In addition to publishing journals, OMICS also organizes conferences. In 2017, about 3,000 such conferences were organized. The conference arm makes up about 60% of OMICS' revenue.[1]

Criticism of publishing practicesEdit

OMICS is widely regarded as a predatory publisher.[3][4][5][6][7][8] It has been subject to widespread criticism, notably by Jeffrey Beall, who included OMICS in his list of "potential, possible, or probable predatory" publishers. Among the criticism leveled at OMICS are that its journals are not actually peer-reviewed as advertised, often contain mistakes, and that its fees are excessive.[13] OMICS says that its activities are legitimate and ethical, and that the quality of its editorial control does need improvement.[4][14] Other criticisms of OMICS include the publication of pseudoscientific articles,[4] deceptive marketing practices,[13][7] targeting of young investigators or those in lower income regions,[7][8] and holding papers hostage by disallowing their withdrawal (preventing them from being published by other journals).[21][22]

It has also been suggested that OMICS provides fake lists of scientists as journal editors to create an impression of scientific legitimacy, even though they are not involved in any review or editing process.[4][1] One such editor-in-chief was contacted by Science, and he stated that he had never handled any papers;[7] in an interview with The Hindu, another said he had not been informed of his purported editorship.[8] Other academics have said that OMICS published articles unaltered in spite of their request for revisions.[10] The company has also been slow to remove the names of editorial board members who requested to terminate their relationship with OMICS activities, in some cases taking almost two years.[14][10] One author received an invoice for $2,700 after her paper was accepted; this fee was not mentioned in the email message OMICS sent her to solicit a submission.[6] In 2012, while one OMICS journal rejected a paper after the reviewer noticed it was plagiarized from one of his own co-authored papers, another OMICS journal published the same paper later that year. When the reviewer again pointed this out, the paper was removed from OMICS' website in 2014, but no official retraction was posted.[23] In 2013, an OMICS journal accepted a bogus and obviously flawed publication submitted as part of a sting operation by Science.[24][25] Critics assert that the main purpose of the publisher is commercial rather than academic.[4][5]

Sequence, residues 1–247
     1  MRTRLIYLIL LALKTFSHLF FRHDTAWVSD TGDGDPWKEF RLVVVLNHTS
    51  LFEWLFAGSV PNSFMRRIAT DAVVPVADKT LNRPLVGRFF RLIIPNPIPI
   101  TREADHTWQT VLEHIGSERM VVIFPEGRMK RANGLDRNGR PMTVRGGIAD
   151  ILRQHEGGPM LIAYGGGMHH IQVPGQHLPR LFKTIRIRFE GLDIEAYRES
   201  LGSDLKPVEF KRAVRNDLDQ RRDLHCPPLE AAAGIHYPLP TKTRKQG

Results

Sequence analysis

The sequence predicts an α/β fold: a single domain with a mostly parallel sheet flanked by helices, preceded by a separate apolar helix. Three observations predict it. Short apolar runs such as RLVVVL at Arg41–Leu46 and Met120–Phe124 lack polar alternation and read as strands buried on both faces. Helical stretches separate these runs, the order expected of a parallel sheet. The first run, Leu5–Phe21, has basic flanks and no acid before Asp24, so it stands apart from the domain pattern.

In September 2014, PubMed Central blacklisted OMICS journals, claiming serious concerns over OMICS' publishing practices.[7] In 2017, Scopus delisted several OMICS journals for "publication concerns".[26]

A Bloomberg News investigation in 2017 noted a tendency of pharmaceutical companies to publish in these journals, which might have stemmed from a self-interest in skipping rigorous review procedures.[1] They were also the major sponsors of OMICS conferences.[1]

OMICS ConferencesEdit

In 2013, Jeffrey Beall reported that OMICS has added conducting "predatory meetings" to its publications activity[27] including under the ConferenceSeries banner.[28] Beall criticised the financial arrangements for OMICS conferences and urged all scholars to refrain from any dealing with these conferences.[27]